By Madonna Hamel
As my deadline for my art installation inspired by the aprons of Prairie women and pioneer elders draws close, people continue to give me stuff. There are clippings, hand-written invitations found in old photo albums (you know, before we took pictures of ourselves with telephones and tinkered with them using an ‘app’), a cheery poem about the many uses of flour sacks, a recollection quickly jotted on a notepad by Vi about how she and her sisters would cut up old dresses and turn them into bib aprons. (Wow! There’s a workshop in the making.), yet another copy of “My Mother’s Apron”, this time in the form of a dedication from a daughter to her mother, a woman who “never took off her apron, even when it embarrassed me when friends came over, until she lay down and died”, Johanne’s mother’s apron made on her loom, the pale blue and cream threads so finely woven the patience required for such a skill reminds me of the cross-stitching on several of the aprons given me by the United Church and Mennonite thrift store women. I just wish I could find, inside those pockets, the secret to such patience and dedicated focus.
But of course, I know what the secret is: these women were born before the Age of Distraction. Or chose to ignore its many poisonous ‘gifts’. At the risk of sounding like a curmudgeon (fine, I’m a curmudgeon. Lump me in with many of my favourites: Nellie McClung, Chief Piapot, Wendell Berry, Henry David Thoreau, and, on a good day, Thomas Merton and, on a bad day, Mother Theresa. In short, all critics, if not sufferers of some gastrointestinal ailment, are curmudgeons, critics of a world too much with us); I am stymied by how quickly we praise multi-tasking and so-called labour-saving devices. How did we come to get busier and busier, making more and more money to buy more and more things we suddenly “really need”, so we can get busier and busier and by more things to bring us hankered after happiness?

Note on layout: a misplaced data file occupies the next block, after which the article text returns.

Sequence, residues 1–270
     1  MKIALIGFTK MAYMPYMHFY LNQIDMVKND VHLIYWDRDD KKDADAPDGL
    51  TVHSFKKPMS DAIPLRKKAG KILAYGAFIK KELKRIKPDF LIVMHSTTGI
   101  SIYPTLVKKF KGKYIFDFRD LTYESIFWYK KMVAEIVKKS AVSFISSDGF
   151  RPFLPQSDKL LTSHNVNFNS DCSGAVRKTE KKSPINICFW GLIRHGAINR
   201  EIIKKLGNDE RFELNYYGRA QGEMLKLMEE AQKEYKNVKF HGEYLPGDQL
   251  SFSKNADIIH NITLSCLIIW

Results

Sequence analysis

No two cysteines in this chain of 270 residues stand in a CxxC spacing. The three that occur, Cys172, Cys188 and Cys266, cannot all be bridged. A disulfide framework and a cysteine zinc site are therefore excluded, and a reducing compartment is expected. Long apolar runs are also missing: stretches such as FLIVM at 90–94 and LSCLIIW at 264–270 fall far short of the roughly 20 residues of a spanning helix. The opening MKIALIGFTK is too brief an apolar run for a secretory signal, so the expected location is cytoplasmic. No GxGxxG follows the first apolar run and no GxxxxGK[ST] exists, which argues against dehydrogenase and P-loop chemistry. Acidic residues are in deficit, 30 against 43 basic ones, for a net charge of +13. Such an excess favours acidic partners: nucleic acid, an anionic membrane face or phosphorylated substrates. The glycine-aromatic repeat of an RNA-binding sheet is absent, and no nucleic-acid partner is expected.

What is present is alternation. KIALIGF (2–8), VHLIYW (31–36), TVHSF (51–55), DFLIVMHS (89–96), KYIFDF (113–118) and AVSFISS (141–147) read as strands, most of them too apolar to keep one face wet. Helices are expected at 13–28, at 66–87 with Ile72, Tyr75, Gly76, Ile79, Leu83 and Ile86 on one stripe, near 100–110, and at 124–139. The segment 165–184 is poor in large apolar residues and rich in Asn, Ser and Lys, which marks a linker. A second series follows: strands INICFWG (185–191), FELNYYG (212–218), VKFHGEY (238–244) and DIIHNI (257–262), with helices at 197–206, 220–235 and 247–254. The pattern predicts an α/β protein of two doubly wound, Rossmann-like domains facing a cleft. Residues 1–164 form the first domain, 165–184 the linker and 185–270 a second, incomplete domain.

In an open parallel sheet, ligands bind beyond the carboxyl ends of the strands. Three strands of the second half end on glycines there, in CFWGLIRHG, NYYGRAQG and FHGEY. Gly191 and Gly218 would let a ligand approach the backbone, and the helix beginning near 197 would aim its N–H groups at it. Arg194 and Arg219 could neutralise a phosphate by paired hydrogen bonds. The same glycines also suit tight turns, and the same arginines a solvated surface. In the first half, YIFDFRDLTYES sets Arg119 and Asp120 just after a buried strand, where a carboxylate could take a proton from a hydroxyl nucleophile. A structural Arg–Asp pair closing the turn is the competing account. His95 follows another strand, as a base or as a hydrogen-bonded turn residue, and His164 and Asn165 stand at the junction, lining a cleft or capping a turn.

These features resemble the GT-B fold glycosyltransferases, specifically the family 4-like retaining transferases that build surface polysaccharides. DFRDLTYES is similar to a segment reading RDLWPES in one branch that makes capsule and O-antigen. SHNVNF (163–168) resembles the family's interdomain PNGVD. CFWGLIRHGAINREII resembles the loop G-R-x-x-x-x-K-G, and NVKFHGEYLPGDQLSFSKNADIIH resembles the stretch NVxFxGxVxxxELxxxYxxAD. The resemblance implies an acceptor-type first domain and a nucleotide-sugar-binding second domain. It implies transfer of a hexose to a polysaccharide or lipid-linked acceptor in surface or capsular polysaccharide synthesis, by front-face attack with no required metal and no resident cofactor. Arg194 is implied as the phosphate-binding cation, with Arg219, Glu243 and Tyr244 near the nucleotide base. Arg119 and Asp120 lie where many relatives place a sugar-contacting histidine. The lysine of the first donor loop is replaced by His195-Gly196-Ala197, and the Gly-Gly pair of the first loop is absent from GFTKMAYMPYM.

As a curmudgeon I qualify. That is, I feel compelled to list, on a daily basis what has brought me genuine happiness and what, it turns out, I could jettison and never miss. And my gauge as to whether I’m getting too frenzied or manic in my running about, whipping up all manner of insignificant sound and fury, is the old “time to visit” test. Am I , as good ol’ George Hayes likes to say, “a good visitor”? If I don’t have time to have a latte with Caitlin when I drop off my timesheet, or can’t squeeze in a tepid cuppa at coffee row with Maurice and Maurice on my way to the mailbox, or ask Judy about how the calving is going, or “what exactly is a flapper pie?”, then I am in trouble.
These aprons have become for me symbols of not just dedication and service, but, in their very material, they serve as a reminder to care about the quality of my work over the quantity of jobs performed and money made. They belie patience, attention to detail, precision, artistry, a meditation in the calming, mind-quieting practice of doing a job over and over ,and doing it well.
Once, in art school, a learned professor of fine arts from New York City was touring with his talk on design and decorative arts. “You will notice that the work of filigree and infinite patterned framing and scrollwork on many of these paintings has gone unmentioned for years, decades, as if it were secondary to the figure front and centre. But in fact, these detailed patterns are what pull us in and hold us there. They calm our brains, like a prayer or a chant or a breath, repeated over and over until we slow down and join in the rhythm of the piece. “ \Go with the flow instead of trying to push the river, he was saying. He may as well have been talking about these aprons.”